We always get caught up in measurables and workouts, and all of those are incredibly important. But Dobbs has experienced high marks in both areas. Look at his college body of work. There was inconsistency, but there is also constant improvement despite a lack of singular coaching focus on his position. He finished his UT career leading the SEC in total offensive yards per game, passing efficiency, touchdown passes and non-kicking points accounted for in 2016, and he added 713 yards and nine touchdowns rushing. That’s why he was named the league’s Offensive Player of the Year.
If you want a player with a high upside as an athlete, he’s one of the three potential steals alongside Deshaun Watson and Patrick Mahomes. If he develops, you’ve got the intelligent, articulate, well-rounded poster boy for your franchise, somebody who not only won’t embarrass you off the field but also make you proud he’s yours. For a Cleveland franchise that drafted Johnny Manziel, he’d be the antithesis.
He’s the kind of player who can help you in a lot of ways, including on the sideline, on the practice field and in the community. And that’s only if he doesn’t star on Sundays, which certainly isn’t out of the question.
Dobbs has some question marks, but, really, how much bigger are they than any other gamble in the draft once you get past the mid-second round?
Sure, he’s raw—frustratingly so for UT fans who watched him lead the Vols through parts of the past four seasons. But that’s only because head coach Butch Jones stubbornly failed to hire a quarterbacks coach until a player who desperately needed one exhausted eligibility. What did Dobbs do? He improved each season under center despite having a grizzly, old offensive line coach tutoring him at the position.
Was his footwork great? Is his arm elite? Is his release point consistent? Did he always make the best decisions? No, but how many games did Dobbs win just being Dobbs? How many touchdowns did he score at pivotal times? How many players missed the magician in the open field when he took off with the rush?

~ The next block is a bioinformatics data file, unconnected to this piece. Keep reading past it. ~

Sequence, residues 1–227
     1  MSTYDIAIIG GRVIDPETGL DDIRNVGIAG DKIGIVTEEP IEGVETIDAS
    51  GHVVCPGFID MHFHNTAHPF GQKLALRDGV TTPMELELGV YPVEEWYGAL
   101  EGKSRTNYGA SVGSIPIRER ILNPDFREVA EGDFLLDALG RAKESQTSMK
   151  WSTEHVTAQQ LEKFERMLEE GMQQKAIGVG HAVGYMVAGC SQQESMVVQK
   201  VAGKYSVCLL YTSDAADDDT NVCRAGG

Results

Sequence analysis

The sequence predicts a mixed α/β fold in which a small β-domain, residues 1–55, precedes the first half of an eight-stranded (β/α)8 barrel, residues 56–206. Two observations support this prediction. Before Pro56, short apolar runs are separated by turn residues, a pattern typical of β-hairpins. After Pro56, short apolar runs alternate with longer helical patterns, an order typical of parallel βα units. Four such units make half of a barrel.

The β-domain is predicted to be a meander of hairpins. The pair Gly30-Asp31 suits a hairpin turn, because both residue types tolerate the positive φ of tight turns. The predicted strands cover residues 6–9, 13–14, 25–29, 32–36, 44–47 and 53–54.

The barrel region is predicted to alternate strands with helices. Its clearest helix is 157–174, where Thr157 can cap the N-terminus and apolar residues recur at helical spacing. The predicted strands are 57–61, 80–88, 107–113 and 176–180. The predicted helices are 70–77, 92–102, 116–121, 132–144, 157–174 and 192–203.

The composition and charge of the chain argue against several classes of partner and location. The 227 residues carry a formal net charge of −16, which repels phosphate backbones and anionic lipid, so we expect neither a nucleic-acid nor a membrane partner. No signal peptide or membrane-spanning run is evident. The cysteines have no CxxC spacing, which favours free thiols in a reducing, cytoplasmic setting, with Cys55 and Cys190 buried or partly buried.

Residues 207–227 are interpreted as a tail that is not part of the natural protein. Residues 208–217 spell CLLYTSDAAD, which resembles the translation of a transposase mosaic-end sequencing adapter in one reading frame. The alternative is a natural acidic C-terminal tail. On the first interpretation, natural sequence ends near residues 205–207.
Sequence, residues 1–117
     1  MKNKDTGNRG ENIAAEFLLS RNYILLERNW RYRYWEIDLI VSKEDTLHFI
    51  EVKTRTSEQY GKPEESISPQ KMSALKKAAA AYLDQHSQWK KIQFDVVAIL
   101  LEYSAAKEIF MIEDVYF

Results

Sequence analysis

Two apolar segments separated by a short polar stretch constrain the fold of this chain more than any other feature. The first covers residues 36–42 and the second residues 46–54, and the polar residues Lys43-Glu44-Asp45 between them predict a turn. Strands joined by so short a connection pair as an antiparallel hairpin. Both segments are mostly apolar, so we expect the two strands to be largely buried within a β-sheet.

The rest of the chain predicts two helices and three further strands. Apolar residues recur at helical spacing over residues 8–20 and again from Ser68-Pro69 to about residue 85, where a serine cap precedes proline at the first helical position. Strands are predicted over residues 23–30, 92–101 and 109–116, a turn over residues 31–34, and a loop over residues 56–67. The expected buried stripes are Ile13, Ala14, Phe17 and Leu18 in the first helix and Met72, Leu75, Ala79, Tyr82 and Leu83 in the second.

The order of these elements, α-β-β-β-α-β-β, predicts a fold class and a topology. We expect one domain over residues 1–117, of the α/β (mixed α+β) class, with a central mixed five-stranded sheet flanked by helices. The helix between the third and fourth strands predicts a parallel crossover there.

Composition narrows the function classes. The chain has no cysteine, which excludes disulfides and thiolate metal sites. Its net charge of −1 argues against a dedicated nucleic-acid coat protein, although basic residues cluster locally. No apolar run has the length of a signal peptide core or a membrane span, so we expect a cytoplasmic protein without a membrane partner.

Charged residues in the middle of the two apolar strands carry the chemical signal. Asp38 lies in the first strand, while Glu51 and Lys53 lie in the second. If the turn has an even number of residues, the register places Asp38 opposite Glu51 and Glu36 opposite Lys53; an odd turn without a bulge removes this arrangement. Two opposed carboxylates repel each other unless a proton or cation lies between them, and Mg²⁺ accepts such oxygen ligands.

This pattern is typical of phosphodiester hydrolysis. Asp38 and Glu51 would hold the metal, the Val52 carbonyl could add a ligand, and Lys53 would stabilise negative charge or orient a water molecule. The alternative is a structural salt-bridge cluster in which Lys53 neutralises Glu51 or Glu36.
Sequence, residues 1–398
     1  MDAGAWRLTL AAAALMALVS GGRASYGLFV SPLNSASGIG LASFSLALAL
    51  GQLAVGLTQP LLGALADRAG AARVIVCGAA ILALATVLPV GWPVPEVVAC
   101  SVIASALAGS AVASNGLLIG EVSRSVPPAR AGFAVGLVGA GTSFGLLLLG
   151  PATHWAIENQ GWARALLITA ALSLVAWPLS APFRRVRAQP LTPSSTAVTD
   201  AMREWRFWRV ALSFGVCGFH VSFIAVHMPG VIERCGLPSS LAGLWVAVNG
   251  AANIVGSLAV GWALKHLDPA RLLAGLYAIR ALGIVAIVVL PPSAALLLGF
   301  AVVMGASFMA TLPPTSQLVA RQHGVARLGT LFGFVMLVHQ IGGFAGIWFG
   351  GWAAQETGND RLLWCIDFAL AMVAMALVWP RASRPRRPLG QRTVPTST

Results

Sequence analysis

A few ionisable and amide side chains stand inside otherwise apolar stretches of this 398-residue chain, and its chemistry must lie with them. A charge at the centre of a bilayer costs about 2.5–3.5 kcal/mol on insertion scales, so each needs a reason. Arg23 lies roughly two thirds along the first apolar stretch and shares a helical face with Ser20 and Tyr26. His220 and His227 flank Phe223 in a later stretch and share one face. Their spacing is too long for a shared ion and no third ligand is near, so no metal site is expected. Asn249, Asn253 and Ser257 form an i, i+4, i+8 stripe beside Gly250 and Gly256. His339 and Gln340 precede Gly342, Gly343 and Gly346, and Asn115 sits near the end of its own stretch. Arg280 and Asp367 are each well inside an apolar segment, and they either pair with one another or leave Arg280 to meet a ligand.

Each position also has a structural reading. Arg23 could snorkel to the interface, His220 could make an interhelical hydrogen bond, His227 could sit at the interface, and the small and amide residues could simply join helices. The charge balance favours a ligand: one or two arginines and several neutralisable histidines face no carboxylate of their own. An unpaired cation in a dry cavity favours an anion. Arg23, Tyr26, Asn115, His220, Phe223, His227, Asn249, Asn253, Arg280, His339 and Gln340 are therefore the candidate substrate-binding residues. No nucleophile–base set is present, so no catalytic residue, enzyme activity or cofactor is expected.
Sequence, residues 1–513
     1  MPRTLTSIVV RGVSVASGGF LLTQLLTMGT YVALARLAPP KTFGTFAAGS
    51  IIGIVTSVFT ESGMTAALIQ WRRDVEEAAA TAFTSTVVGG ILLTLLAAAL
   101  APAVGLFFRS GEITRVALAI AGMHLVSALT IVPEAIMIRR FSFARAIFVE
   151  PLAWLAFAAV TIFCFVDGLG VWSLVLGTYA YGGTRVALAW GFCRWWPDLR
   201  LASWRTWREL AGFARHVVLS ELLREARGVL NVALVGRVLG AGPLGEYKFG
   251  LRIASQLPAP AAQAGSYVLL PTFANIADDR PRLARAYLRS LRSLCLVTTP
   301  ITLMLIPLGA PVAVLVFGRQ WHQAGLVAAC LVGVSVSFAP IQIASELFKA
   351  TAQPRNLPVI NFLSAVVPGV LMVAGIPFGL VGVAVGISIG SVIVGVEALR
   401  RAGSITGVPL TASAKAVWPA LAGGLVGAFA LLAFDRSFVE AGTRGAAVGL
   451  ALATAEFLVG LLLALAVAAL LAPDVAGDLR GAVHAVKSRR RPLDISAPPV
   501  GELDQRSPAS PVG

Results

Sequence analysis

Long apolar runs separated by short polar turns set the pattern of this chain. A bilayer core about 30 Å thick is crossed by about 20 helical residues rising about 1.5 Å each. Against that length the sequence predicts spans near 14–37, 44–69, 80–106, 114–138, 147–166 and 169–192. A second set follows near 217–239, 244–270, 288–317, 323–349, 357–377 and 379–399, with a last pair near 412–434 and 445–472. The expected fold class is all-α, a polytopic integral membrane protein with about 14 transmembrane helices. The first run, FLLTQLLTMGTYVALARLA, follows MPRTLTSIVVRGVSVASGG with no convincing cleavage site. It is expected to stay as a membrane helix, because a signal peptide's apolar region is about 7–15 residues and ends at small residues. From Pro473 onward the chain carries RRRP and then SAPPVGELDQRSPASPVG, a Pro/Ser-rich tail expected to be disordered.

Despite being a polarizing quarterback during much of his Tennessee career, Dobbs at times single-handedly led the offense to huge numbers. He was a transcendent athlete who’ll be desperately missed in Knoxville, whether you believe that now or not. The Vols haven’t had somebody who could take over games at the position like him since Peyton Manning, and they’ve not had a runner as effective as him at the position since Condredge Holloway.
That’s two legends, and it’s two players Dobbs doesn’t need to be compared to. But to be spoken in the same sentence as either of those two players is high praise. In case you’re keeping track at home, one of those was an NFL star; the other didn’t make it despite putting up some nice numbers in the Canadian Football League. One was a prototypical dropback passer, and the other was more of a run-first guy. Where does Dobbs fall? Somewhere in the middle of the two, much like his pro potential.
Many people will write many words about Dobbs over the course of his career, no matter how long or short it is. His performances in all the practice-atmosphere settings have warranted articles in previous weeks, and now everybody has an opinion on his stock, his ceiling and his pro ability. The team that drafts him will watch as beat writers file plenty of stories rehashing the same things said here through mini-camp and leading up to the season, maybe onward after that.
Some will talk about how Dobbs will be a star. Many others will talk about why he’ll be a flop.
You’ll get no prediction either way here. All I’m going to say is the kid has shown he deserves a chance, just by his college body of work, the way he conducts himself off the field and the brilliant things he does on it. I’ve said it for years, and other former naysayers are seeing it now and writing as much. He’s proven he can wow the crowd in big opportunities, and it couldn’t happen to a better kid, somebody who works just as hard to be good off the field as on it; maybe more so.
He’s going to sign a contract and make some big bucks. He’s going to give his dream a swing, and if it doesn’t work out, you know what? He’s proven he’ll undoubtedly go pro [and be successful] in something other than sports.
He’s not the next superstar rookie like Dak Prescott. He won’t be the next big-name bust like Robert Griffin III.
He’s Joshua Dobbs. And that’s been good enough so far. Who’s gonna bet against the future?